Article Text


Differences in experiences of care between patients diagnosed with metastatic cancer of known and unknown primaries: mixed-method findings from the 2013 cancer patient experience survey in England
  1. Richard Wagland1,
  2. Mike Bracher2,
  3. Allison Drosdowsky3,
  4. Alison Richardson4,
  5. John Symons5,
  6. Linda Mileshkin6,
  7. Penny Schofield7
  1. 1 Faculty of Health Sciences, University of Southampton, Southampton, UK
  2. 2 Department of Human Sciences and Public Health, Faculty of Health and Social Sciences, Bournemouth University, Bournemouth, UK
  3. 3 Department of Cancer Experiences Research, Peter MacCallum Cancer Institute, Melbourne, Victoria, Australia
  4. 4 Academy of Research, University of Southampton and University Hospital Southampton NHS Foundation Trust, Southampton, Hampshire, UK
  5. 5 Cancer of Unknown Primary CUP Foundation Jo’s Friends, Newbury, West Berkshire, UK
  6. 6 Division of Cancer Medicine, Peter MacCallum Cancer Institute, Melbourne, Victoria, Australia
  7. 7 Department of Psychology, Swinburne University of Technology, Melbourne, Australia
  1. Correspondence to Dr Richard Wagland; r.wagland{at}


Objectives To explore differences in experiences of care reported in the Cancer Patient Experience Survey (CPES) between patients with cancer of unknown primary (CUP) and those with metastatic disease of known primary (non-CUP); to determine insights pertaining to the experiences of care for CUP respondents from free-text comments.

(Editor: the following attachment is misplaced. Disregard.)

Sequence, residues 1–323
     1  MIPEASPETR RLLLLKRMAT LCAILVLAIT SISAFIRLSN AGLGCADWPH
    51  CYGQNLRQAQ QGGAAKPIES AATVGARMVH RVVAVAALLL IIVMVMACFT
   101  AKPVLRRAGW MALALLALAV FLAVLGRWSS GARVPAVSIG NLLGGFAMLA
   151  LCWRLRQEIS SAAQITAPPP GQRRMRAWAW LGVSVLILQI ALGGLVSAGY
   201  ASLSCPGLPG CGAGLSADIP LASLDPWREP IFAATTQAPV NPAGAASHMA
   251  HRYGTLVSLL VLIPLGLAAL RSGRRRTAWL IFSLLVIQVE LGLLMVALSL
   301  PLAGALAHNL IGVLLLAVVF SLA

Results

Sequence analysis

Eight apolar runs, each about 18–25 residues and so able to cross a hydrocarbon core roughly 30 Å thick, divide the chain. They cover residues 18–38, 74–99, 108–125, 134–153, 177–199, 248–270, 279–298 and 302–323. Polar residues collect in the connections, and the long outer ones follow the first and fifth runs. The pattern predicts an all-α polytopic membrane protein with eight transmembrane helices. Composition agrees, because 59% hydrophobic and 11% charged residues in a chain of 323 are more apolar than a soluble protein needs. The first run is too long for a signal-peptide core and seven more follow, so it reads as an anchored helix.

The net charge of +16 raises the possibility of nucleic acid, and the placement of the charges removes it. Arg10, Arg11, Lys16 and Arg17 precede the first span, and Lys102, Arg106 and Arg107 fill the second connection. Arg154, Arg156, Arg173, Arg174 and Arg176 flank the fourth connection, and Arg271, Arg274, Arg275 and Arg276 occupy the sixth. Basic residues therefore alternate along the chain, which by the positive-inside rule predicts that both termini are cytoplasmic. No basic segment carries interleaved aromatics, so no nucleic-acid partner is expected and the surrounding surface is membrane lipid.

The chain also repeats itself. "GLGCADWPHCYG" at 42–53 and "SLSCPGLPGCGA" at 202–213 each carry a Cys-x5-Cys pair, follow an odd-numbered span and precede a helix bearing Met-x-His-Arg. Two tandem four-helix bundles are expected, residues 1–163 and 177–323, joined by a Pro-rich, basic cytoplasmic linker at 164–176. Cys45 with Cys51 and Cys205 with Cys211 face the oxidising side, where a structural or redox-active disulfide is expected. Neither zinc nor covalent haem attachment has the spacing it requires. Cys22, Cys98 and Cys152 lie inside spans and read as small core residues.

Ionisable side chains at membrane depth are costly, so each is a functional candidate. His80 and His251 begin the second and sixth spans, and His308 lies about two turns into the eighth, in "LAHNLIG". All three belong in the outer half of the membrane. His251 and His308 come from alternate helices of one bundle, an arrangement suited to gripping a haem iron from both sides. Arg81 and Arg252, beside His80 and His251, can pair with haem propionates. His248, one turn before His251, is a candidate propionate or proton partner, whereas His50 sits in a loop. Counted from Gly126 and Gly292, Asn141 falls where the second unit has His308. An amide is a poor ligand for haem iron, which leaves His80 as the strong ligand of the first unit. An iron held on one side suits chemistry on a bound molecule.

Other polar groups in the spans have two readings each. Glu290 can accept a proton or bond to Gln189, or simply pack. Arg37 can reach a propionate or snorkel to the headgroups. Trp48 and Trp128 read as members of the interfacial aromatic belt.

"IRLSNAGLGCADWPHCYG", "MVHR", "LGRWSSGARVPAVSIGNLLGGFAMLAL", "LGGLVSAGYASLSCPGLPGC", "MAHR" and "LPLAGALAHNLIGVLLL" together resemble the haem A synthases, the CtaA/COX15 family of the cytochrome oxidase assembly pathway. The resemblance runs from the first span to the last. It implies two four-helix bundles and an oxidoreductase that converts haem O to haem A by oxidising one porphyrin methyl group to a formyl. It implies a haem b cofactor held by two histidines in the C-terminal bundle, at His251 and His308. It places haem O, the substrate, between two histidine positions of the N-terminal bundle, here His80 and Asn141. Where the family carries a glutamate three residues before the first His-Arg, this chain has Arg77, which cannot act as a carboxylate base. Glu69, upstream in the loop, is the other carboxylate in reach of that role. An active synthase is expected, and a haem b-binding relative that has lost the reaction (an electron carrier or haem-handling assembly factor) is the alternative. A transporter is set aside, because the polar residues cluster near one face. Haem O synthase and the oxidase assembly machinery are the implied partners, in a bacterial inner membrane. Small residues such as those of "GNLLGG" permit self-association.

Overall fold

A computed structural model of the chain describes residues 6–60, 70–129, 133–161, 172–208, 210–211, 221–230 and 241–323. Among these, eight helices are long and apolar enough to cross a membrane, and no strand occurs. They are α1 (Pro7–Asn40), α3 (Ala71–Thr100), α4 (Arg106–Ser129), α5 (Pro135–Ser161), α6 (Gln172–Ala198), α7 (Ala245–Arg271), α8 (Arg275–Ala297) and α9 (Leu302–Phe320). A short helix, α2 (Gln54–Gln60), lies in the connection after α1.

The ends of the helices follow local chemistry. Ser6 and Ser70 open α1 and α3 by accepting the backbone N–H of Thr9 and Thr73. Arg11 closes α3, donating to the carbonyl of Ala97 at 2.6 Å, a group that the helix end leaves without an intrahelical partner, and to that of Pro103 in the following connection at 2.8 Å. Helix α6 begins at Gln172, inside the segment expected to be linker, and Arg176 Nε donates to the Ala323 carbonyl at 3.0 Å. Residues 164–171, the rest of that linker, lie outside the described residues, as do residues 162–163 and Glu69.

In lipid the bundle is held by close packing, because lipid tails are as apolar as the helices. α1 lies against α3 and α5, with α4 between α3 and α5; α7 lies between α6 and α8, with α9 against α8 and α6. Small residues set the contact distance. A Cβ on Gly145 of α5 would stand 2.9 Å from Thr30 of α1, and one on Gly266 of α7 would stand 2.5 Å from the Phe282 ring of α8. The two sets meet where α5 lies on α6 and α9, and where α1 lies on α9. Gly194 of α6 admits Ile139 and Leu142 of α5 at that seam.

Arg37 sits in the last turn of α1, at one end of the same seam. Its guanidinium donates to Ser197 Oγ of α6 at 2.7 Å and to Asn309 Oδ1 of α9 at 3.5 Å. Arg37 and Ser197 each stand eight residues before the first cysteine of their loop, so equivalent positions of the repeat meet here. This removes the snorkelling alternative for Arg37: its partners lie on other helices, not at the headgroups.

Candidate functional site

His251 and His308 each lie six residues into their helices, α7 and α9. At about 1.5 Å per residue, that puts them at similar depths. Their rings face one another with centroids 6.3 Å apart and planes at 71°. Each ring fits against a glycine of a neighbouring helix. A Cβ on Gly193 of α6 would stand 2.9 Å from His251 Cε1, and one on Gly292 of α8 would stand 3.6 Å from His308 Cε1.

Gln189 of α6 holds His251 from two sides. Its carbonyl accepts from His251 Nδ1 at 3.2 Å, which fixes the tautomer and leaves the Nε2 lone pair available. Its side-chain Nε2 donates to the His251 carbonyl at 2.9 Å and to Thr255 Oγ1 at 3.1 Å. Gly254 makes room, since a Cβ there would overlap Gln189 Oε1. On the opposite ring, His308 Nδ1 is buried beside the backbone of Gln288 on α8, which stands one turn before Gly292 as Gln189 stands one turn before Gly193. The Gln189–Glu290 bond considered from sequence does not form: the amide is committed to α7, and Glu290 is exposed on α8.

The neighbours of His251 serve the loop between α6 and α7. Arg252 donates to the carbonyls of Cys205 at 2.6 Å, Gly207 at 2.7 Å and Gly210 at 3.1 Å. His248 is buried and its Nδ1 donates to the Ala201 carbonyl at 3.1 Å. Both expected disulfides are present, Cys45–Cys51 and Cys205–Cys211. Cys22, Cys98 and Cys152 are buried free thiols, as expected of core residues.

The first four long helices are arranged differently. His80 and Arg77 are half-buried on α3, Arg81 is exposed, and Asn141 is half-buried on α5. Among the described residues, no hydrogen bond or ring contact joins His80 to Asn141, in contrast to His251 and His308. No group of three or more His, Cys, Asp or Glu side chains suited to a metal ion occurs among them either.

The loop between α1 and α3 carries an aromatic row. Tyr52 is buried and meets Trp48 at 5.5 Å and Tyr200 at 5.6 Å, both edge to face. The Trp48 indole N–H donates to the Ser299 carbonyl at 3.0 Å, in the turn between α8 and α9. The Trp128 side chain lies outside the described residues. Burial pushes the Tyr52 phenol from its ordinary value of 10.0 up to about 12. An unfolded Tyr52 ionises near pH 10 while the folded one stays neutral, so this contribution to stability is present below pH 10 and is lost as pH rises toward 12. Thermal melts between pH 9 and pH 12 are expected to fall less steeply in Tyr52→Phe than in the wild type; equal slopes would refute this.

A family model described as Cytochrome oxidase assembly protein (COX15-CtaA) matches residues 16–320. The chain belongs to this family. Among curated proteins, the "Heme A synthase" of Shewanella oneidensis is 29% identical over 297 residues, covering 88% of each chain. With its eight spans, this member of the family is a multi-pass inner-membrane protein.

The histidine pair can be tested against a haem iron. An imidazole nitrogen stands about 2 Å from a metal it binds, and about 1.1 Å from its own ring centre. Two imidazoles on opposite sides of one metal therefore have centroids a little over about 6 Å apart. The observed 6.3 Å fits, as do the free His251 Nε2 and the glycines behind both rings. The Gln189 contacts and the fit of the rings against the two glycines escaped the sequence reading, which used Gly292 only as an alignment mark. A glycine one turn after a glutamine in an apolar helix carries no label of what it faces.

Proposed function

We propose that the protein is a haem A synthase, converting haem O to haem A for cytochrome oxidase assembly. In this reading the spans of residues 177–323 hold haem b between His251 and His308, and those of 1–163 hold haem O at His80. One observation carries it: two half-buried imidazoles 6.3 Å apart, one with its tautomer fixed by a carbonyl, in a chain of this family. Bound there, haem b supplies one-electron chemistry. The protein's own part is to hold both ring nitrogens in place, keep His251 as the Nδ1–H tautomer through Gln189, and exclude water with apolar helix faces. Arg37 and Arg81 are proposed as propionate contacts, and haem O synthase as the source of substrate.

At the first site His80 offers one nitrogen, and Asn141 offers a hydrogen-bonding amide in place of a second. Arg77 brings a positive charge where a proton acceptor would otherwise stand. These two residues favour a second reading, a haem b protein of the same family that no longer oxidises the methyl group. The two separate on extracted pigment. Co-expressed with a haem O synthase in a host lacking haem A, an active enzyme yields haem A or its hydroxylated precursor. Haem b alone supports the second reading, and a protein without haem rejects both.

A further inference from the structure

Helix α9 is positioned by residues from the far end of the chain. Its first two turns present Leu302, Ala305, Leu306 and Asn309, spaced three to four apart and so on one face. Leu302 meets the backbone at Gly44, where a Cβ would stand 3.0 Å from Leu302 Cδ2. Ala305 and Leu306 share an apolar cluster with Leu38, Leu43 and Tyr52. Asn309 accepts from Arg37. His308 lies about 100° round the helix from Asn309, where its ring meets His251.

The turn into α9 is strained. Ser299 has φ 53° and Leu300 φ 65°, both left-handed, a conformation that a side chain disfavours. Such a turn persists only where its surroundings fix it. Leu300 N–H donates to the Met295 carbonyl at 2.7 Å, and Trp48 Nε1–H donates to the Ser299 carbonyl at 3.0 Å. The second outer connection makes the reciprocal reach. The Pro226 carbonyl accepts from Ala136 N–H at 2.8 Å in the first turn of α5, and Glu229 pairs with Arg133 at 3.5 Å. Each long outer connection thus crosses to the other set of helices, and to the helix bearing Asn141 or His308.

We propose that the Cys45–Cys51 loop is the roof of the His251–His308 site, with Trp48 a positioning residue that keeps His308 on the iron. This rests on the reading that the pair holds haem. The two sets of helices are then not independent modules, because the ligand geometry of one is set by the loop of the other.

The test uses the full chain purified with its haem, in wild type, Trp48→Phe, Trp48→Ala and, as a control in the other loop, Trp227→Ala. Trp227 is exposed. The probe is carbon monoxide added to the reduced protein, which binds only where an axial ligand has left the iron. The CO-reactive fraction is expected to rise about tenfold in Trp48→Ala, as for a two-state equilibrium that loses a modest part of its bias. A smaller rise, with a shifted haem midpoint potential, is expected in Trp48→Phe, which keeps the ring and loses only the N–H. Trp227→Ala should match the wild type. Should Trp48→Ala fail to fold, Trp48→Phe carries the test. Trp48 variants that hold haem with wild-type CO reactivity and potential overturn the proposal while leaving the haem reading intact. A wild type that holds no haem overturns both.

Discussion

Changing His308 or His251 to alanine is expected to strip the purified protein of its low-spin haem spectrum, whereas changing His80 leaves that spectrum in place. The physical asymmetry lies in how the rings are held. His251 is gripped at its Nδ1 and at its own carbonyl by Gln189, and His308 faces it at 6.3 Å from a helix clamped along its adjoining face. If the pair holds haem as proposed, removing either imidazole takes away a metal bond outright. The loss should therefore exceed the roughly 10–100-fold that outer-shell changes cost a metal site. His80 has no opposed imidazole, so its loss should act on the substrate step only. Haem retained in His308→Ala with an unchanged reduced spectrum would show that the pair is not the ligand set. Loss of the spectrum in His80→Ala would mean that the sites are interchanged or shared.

Design Two separate, but related, studies, involving secondary analysis of existing data. Using frequency matching of CUP and non-CUP patients, statistical comparisons of responses to CPES questions were conducted. Free-text comments from CUP respondents were analysed thematically.

Setting and participants The CPES questionnaire comprises 63 closed questions measuring 8 areas that relate to experience of care and 3 free-text questions. Questionnaires were mailed to all adult patients (aged ≥16 years) in England with cancer admitted to hospital between 1 September 2013 and 30 November 2013.

Results Matched analysis of closed response items from 2992 patients found significant differences between CUP (n=1496) and non-CUP patients (n=1496): CUP patients were more likely to want more written information about their type of cancer and tests received, to receive their diagnosis from a general practitioner (GP) and have seen allied health professionals, but less likely to have understood explanations of their condition or had surgery. Freetext responses (n=3055) were coded into 17 categories and provided deeper insight regarding patient information and interactions with GPs. CPES data may include a preponderance of patients with favourable CUP subtypes and patients initially identified as CUP but whose primary was subsequently identified.

Conclusions These are the first large-scale studies to explore the experiences of care of CUP patients. The significant differences identified between the experiences of CUP and non-CUP patients suggest CUP patients require more psychosocial support and specific interventions to manage diagnostic uncertainty and the multiple investigations many CUP patients face. Substantial limitations were identified with the CPES data, emphasising the need for prospective studies.

  • cancer of unknown primary
  • patient experience
  • communication
  • health services research